It’s the end of an era for Starbucks as Howard Schultz is stepping down as CEO. According to reports, the coffee powerhouse’s chief executive is officially leaving his post on April 2 but will stay on as executive chairman. Starbucks’ chief operating officer, Kevin Johnson, will be taking over as CEO on April 3.
This isn’t the first time that Schultz left Starbucks. The executive left the company for eight years before returning in 2008, only to find that the company was in dire straits after over-expansion. Fast forward to this year and Starbucks is not only on stable footing, but is a recognized leader in the coffee shop industry.
After stepping down as CEO, Schultz will focus on building the company’s more high-end businesses, including its Roasteries and a new line of premium Reserve coffee shops, according to Seattle Times.
Harvard Business School professor and historian Nancy Koehn said that Schultz “made a powerful brand, a powerful company, with a set of values” and that the executive is “an important pathbreaker in establishing a bigger social and political footprint for a public company.”
Schultz has made headlines due to his support of Hillary Clinton in last year’s presidential election. Earlier this year, he vowed to hire 10,000 refugees over the next five years as a response to President Donald Trump’s immigration ban. Trump supporters have called for a boycott of the coffee chain since then.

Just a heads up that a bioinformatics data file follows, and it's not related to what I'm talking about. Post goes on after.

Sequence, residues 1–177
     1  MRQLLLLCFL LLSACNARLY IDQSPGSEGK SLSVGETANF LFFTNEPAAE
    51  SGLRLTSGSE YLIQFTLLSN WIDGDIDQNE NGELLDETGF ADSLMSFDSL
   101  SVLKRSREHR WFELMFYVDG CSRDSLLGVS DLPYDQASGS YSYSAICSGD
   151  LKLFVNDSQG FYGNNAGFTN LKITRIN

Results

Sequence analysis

As CEO, Schultz valued his employees as he offered to subsidize tuition for baristas who are looking to get their degrees online, according to The Daily Mail. He also initiated the placement of Starbucks franchises on military bases so that the company can provide jobs to veterans and soldiers’ spouses.
Schultz has a net worth estimated at $3.1 billion. However, there is a possibility that the 63-year-old won’t be retiring and might be running for the highest office in the land in 2020. The New York Times previously reported that Democrats are urging Schultz to run.
Center for Public Leadership at Harvard Kennedy School co-director David Gergen told the media outlet that Schultz is “definitely being pursued” to run in the next Democratic race.
“He has a powerful social conscience,” said Gergen. “He comes from a very different place than the kind of chief executive with a big ego who wants the trappings of presidential power.”
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